For us, humans, the spring has barely shown itself. There was rain, many chilly days, high water on the lakes and rivers, and the occasional sunny warm day. But, the animals around our houses, in the forest and on the water’s edge have been busy like any other year.
We have for the first year a breeding couple of Mute Swans in our bay. They most likely are the juveniles that have been hanging around our nook of the lake for the last couple of years. He or she must have picked up a mate while in warmer climes while we shivered through our winter. Other swan-couples, probably more experienced, have already their young. I made these photos today on the river Styx and on Colonel By Lake at Harriet Point at the end of our road.
The neighbourhood is a bit rough but there is room for all. The Mute Swan on her nest, on this little rock-outcropping, is a first. The place is a favorite spot for cormorants and gulls. Photo taken May 18, 2017. A week later May 24, I spotted this swan and her mate with two or more young near the shore of the Isle of Man.
Update June 2, 2017. This is the result, two young. The photo was taken from the marked navigational part of the canal towards the shore of Isle of Man, near Harriet Point on Colonel By Lake.
Then on the same day I took this photo of yet another couple that might have bred in the marsh of Casey Island, the couple seems to be a well established pair with no less than seven cygnets. Date June 2, 2017
This is a couple’s nest on our bay. He or she is digging up mud and pieces of bulrushes and will put the material on a pile near the side of the nest. From there she picks up a beak-full of material and carefully distributes it around the outside of the nest to increase its size and to keep up with the rising waters.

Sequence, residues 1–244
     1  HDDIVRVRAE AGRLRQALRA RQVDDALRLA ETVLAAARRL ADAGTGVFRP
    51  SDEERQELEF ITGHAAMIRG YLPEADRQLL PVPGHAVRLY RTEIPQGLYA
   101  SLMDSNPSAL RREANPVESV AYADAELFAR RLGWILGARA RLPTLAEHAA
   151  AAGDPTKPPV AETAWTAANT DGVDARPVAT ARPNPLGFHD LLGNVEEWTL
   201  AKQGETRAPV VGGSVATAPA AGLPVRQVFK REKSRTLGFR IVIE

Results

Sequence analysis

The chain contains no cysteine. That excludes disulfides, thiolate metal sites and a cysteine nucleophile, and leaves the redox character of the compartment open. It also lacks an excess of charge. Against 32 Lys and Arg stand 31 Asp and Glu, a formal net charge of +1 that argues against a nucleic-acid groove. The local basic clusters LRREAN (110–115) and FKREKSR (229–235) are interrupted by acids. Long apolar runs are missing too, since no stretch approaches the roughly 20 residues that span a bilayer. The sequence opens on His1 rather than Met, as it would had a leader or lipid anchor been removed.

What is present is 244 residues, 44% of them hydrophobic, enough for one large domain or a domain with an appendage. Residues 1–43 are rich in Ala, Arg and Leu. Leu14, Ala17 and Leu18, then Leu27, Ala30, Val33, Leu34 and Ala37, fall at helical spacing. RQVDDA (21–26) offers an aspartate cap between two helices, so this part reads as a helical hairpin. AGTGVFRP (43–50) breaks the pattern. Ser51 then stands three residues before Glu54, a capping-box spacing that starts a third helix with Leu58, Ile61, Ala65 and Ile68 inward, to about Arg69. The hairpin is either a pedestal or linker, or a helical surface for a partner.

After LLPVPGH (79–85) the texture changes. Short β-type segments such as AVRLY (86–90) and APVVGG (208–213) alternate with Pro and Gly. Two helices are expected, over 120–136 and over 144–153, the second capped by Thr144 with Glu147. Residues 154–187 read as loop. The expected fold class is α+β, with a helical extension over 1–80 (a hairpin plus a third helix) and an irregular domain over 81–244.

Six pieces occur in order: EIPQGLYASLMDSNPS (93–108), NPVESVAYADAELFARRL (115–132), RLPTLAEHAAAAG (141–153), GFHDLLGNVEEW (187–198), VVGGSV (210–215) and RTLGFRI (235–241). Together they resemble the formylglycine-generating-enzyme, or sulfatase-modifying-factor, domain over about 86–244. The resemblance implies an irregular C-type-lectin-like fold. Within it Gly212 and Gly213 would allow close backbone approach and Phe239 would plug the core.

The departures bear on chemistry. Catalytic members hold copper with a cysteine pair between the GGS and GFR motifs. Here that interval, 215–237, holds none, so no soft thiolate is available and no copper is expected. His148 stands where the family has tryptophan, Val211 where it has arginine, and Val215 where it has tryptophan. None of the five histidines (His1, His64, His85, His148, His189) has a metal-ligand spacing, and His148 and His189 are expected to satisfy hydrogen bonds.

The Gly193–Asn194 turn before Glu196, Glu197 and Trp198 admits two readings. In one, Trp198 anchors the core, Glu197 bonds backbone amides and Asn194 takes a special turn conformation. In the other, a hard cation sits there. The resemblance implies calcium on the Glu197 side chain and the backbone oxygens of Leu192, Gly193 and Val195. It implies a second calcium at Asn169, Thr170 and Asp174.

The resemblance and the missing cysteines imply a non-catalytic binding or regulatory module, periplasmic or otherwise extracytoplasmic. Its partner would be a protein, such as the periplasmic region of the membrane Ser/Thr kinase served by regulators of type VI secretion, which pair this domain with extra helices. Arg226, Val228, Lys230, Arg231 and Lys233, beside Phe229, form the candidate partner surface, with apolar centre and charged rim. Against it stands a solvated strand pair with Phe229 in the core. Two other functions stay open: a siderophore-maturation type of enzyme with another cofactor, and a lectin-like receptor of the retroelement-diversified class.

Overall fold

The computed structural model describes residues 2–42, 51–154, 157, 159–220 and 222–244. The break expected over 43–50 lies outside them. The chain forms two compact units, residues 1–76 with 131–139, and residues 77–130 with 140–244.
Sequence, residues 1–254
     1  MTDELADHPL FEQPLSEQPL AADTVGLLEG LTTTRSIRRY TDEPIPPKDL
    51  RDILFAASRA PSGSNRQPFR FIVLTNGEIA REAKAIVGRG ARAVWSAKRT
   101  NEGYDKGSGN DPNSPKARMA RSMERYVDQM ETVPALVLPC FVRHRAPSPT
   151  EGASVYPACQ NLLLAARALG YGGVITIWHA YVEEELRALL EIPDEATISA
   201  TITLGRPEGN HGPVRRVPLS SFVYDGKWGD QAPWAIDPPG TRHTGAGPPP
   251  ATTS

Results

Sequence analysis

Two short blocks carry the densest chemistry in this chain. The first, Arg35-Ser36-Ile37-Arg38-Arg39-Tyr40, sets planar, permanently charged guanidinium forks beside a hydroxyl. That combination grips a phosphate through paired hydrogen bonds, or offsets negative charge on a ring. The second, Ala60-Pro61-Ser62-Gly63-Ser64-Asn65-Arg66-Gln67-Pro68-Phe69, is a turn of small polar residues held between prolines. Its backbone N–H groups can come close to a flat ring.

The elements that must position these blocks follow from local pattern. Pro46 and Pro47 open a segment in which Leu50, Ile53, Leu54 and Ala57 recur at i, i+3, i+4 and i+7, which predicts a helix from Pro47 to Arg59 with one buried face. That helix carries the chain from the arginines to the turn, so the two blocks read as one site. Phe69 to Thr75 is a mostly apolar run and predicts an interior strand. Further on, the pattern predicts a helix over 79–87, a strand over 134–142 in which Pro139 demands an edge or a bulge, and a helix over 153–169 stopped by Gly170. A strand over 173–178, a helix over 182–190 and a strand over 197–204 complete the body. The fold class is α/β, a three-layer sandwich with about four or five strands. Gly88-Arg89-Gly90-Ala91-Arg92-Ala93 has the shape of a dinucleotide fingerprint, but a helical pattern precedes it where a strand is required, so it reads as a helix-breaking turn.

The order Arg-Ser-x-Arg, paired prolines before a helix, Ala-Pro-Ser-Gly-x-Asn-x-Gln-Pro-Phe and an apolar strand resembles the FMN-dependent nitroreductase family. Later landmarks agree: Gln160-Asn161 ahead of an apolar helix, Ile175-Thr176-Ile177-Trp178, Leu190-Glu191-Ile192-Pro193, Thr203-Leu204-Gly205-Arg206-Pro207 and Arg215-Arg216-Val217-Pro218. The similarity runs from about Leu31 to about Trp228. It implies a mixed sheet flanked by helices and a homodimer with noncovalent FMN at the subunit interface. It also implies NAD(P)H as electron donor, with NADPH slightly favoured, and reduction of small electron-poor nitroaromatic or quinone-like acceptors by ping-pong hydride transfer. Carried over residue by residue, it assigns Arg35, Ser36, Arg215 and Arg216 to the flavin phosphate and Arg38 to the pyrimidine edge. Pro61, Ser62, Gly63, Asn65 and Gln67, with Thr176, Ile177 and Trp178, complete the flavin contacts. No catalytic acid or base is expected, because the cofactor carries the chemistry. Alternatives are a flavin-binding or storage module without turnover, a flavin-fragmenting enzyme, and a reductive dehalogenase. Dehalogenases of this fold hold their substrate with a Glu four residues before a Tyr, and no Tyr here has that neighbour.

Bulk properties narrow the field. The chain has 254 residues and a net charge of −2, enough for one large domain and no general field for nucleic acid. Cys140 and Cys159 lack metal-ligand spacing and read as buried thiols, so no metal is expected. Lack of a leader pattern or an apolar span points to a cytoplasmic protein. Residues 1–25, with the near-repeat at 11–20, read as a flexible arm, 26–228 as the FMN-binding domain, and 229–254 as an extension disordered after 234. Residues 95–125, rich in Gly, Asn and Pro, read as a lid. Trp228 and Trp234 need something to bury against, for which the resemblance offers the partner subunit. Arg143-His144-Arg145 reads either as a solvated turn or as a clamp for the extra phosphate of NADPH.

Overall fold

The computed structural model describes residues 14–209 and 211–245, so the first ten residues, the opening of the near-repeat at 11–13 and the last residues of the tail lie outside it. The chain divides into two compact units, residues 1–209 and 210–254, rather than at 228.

At times the pair works together, “he” gets the building material from the swamp and piles it on the storage site, “she” takes it from the storage site and applies it to the nest. The bigger bird on the nest might be the female?
Careful does it, her underside is impressive, like the undercarriage of an airplane? But if there are five or more eggs, it she must cover a large area.
May 28, 2017, we see two young bobbing around the parents for the first time and only for a brief period. Two days later they are on the water around the nest eating weeds while the parents gobble up to eight pounds of weeds and roots each day. The marshy area in our bay provide excellent habitat for the new couple. Here are updates on our photographic observations.
For information on the breeding habits click here: Most Swans find their mates before the age of 2 years, usually during the winter season. Even though some may nest for the first time when they are two years old, most won’t start until they are 3 to 7 years old.
This family photo x taken on May 24th must have bred in the marshland at the north-west corner of the bay in the River Styx. In this photo they were feeding and leisurely floating in the water near the navigational part of the river, in the middle of some juicy weed mats. I counted five young but on one photo it looks like one more is hiding behind one of the parents.
Mother and her cygnet have a tête-à-tête.
It looks like Mom is hugging her child she was carrying on her back in the photo above. Her head is lying on its side, a somewhat unusual pose.
The ospreys are back on the nest in the conservation area, near the Dickinson’s property, and at the nest on the Keirstead’s property at the canal between the River Styx and Colonel By Lake. But those are the only two nests left from the six that were once established around the lake, see: https://aragonroadhistory.wordpress.com/ospreys/
Ospreys are well established along the Rideau Canal and near other big waterways and lakes. Not to worry about a decline on our lake, it might just be a local phenomena, there is lots of real-estate for these birds to occupy and breed.
It will be interesting to find out of the Bald Eagle that nested last year in our area has come back, see for last year’s update on the ospreys and the bald eagle at: https://aragonroadhistory.wordpress.com/2016/07/30/update-on-osprey-nesting-and-more/
And finally here is an osprey that flew by with a fish in its claws, landed on a hydro pole and sternly observed my actions taking the photo. This is most likely one of the ospreys that nest at the Keirstead’s property at Harriet Point.